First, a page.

Study Guide

Othello Manipulation

By William Shakespeare


Act 1, Scene 1

Call up her father,
Rouse him. Make after him, poison his delight,
Proclaim him in the streets; incense her kinsmen,
And, though he in a fertile climate dwell,
Plague him with flies. Though that his joy be joy,
Yet throw such changes of vexation on 't
As it may lose some color. (1.1.74-80)

Yikes. When Iago talks about corrupting Brabantio's opinion of his fair daughter, Desdemona, he uses the language of poison and plague, which seems pretty appropriate given the nature of Iago's manipulation. When Iago tattles on Othello and Desdemona for eloping, he capitalizes on Brabantio's xenophobic attitude toward mixed race marriages. Here's what Iago says to get Brabantio riled up against Othello:

Even now, now, very now, an old black ram
Is topping your white ewe. Arise, arise;
Awake the snorting citizens with the bell,
Or else the devil will make a grandsire of you:
Arise, I say.

Check out "Race" if you want to think about the implications of this.

Act 1, Scene 2

O, thou foul thief, where hast thou stowed my
Damned as thou art, thou hast enchanted her!
For I'll refer me to all things of sense,
If she in chains of magic were not bound,
Whether a maid so tender, fair, and happy,
So opposite to marriage that she shunned
The wealthy curlèd darlings of our nation,
Would ever have, t' incur a general mock,
Run from her guardage to the sooty bosom
Of such a thing as thou—to fear, not to delight!
Judge me the world, if 'tis not gross in sense
That thou hast practiced on her with foul charms,
Abused her delicate youth with drugs or minerals
That weaken motion. I'll have 't disputed on.
'Tis probable and palpable to thinking.
I therefore apprehend and do attach thee
For an abuser of the world, a practicer
Of arts inhibited and out of warrant.— (1.2.80-98)

Brabantio argues that Othello could not have truly won Desdemona's love – it had to be through some kind of trickery or manipulation. Brabantio couldn't be more wrong, of course.

Act 1, Scene 3

The Turkish preparation makes for Rhodes.
So was I bid report here to the state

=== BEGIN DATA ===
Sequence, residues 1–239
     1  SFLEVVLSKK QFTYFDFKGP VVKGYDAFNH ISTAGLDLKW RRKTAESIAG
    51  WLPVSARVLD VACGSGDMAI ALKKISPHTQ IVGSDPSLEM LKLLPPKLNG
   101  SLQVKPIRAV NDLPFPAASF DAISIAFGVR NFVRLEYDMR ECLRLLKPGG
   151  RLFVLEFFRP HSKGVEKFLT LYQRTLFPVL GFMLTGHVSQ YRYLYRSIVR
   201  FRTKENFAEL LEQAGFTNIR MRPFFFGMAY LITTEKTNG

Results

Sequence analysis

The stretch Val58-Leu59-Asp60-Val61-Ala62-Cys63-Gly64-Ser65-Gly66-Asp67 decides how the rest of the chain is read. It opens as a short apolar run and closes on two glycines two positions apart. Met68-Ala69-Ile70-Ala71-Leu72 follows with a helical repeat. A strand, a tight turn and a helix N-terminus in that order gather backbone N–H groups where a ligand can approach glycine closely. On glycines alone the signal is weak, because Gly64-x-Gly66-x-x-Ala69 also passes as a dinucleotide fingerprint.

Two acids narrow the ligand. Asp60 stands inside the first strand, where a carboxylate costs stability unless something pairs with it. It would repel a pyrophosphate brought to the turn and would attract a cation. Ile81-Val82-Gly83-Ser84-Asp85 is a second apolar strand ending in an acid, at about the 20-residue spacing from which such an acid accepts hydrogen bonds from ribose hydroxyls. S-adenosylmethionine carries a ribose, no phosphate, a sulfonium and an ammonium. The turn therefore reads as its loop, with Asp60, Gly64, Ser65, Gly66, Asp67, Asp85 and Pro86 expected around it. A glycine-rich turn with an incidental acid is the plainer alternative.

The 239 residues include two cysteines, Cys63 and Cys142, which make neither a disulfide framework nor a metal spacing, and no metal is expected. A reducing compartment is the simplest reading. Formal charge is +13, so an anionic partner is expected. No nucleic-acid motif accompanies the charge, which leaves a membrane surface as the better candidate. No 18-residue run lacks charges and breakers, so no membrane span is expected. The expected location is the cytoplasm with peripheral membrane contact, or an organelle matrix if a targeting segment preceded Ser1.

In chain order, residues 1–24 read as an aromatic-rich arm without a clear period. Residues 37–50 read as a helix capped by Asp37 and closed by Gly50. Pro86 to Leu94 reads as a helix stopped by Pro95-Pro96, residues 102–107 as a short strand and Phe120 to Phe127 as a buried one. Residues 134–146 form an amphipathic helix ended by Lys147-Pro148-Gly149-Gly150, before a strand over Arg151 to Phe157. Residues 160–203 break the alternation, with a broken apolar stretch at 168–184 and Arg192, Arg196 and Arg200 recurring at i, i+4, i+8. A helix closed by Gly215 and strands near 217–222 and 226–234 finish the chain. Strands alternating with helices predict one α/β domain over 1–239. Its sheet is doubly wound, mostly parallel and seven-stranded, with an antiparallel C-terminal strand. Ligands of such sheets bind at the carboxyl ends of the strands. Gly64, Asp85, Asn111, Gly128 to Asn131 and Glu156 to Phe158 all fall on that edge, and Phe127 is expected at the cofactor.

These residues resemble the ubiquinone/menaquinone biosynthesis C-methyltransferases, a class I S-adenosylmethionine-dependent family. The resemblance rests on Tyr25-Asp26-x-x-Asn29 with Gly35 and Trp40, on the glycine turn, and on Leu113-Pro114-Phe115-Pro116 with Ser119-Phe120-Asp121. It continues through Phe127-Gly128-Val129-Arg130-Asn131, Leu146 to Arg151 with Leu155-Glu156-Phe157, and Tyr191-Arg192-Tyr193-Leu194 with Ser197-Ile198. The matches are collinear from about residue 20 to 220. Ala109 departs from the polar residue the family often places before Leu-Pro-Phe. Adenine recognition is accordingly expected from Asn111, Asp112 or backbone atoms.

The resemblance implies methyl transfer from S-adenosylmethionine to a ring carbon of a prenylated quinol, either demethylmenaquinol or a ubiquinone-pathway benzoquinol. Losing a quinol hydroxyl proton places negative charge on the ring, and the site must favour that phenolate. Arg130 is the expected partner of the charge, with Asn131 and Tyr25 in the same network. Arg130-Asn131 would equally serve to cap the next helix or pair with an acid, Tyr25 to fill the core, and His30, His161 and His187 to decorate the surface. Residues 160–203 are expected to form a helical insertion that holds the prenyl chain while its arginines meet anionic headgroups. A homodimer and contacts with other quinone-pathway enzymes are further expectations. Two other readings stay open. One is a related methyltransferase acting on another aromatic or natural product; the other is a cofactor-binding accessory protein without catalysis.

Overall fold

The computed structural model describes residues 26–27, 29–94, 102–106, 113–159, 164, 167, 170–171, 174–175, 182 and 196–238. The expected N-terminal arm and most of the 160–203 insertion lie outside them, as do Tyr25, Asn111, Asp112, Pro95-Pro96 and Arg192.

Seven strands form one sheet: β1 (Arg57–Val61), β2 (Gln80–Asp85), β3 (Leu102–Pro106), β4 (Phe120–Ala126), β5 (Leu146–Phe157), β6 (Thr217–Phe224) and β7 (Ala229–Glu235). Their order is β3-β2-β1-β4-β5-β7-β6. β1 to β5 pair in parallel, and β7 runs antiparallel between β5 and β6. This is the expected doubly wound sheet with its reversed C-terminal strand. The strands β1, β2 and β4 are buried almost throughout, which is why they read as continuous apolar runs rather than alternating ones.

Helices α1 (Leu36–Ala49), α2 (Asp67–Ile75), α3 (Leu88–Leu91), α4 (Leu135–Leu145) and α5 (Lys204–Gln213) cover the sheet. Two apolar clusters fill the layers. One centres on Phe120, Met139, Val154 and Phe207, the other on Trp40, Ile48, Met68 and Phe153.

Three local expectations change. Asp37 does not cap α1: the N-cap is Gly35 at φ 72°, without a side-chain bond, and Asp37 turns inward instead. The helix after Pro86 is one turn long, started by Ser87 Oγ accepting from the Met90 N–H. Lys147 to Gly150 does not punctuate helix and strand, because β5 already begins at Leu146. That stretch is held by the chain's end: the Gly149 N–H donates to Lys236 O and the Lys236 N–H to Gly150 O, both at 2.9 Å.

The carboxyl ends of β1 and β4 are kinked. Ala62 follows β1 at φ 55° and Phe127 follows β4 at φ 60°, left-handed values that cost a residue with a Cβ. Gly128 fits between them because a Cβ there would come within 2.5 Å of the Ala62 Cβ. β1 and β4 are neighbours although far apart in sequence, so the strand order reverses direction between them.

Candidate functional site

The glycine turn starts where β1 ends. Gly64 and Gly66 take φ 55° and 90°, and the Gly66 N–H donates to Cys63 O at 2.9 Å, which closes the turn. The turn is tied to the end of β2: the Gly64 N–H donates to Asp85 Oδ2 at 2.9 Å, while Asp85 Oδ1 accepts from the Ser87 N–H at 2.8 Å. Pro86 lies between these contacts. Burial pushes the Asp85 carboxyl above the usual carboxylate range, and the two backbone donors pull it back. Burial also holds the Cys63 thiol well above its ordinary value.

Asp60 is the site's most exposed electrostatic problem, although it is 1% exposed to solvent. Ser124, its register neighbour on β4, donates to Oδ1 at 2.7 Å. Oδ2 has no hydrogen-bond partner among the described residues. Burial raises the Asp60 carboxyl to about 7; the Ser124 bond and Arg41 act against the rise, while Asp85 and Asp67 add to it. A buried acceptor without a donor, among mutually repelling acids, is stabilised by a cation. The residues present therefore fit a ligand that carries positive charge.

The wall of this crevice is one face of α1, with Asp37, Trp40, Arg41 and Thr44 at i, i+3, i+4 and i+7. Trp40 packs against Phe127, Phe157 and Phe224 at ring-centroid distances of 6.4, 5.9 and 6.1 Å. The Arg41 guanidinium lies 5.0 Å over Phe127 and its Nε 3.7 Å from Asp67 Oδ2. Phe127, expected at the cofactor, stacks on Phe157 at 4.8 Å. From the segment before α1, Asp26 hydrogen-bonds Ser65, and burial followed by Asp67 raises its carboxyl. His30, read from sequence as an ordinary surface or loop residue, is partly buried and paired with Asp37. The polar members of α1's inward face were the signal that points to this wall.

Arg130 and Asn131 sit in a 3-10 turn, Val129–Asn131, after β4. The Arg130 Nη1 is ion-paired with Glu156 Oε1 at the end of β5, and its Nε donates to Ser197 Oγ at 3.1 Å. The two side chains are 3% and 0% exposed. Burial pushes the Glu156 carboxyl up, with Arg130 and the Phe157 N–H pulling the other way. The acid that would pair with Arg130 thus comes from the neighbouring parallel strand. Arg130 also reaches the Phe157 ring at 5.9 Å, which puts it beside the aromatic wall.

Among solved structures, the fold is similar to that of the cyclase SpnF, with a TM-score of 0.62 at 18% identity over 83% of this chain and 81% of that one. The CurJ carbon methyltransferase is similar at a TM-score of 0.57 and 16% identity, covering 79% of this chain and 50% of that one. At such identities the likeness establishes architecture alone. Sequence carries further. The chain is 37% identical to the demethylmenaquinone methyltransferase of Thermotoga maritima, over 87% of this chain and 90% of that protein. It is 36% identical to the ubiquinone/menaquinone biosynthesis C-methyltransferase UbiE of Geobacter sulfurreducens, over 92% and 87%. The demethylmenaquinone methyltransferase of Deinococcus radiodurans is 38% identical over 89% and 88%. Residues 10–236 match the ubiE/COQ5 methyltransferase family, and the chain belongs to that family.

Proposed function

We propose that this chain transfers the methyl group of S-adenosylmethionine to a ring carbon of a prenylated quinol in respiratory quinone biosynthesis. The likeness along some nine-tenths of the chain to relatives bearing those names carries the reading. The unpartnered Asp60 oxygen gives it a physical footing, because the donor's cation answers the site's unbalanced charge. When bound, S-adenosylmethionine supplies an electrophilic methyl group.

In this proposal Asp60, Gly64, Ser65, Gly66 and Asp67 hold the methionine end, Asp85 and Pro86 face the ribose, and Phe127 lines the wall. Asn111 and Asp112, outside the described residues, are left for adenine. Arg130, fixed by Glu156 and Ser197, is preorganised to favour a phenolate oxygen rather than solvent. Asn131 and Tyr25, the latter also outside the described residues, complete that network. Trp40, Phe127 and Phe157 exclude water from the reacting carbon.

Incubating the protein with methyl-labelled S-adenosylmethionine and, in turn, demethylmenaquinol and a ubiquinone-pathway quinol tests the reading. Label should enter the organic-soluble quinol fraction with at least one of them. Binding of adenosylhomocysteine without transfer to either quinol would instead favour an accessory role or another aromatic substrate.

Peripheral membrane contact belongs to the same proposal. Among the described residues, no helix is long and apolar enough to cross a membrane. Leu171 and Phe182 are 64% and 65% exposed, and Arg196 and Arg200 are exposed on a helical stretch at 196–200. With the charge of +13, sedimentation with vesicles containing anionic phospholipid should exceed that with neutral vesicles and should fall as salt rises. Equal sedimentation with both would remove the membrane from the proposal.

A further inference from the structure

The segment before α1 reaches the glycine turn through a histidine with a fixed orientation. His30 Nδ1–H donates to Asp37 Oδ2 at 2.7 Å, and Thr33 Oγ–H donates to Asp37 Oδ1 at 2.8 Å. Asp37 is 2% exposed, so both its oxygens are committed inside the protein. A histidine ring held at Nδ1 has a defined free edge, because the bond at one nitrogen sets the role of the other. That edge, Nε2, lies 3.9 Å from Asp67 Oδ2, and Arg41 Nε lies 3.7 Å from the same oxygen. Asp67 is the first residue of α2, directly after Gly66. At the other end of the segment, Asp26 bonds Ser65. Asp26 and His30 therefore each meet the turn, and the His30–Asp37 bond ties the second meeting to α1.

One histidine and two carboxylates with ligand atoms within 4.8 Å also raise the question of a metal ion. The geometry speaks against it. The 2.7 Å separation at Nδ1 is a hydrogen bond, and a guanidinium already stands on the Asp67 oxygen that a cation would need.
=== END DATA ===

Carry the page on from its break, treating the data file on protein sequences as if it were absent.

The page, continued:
By Signior Angelo.
Nay, in all confidence, he's not for Rhodes.
Of thirty sail; and now they do restem
Their backward course, bearing with frank
Their purposes toward Cyprus. (1.3.18-20; 37; 43-46)

The deception the Turkish navy attempts – appearing as though they are going to attack Rhodes, when actually they want Cyprus – parallels the sneakier, interpersonal deceptions going on in the play. For more about the relationship between literal war and the psychological battle Iago wages against Othello, check out "Quotes" for warfare.


Virtue? A fig! 'Tis in ourselves that we are thus or
thus. Our bodies are our gardens, to the which our
wills are gardeners. So that if we will plant nettles
or sow lettuce, set hyssop and weed up thyme,
supply it with one gender of herbs or distract it
with many, either to have it sterile with idleness or
manured with industry, why the power and corrigible
authority of this lies in our wills. (1.3.361-368)

When Iago makes an analogy between gardening and exercising free will, we're reminded of the way that Iago is the ultimate master gardener, so to speak. Part of what makes him such a brilliant manipulator of Othello is his ability to plant the seeds of doubt and jealousy in Othello's mind.

But for my sport and profit. I hate the Moor,
And it is thought abroad that 'twixt my sheets
He has done my office. I know not if 't be true,
But I, for mere suspicion in that kind,
Will do as if for surety. (1.3.429-433)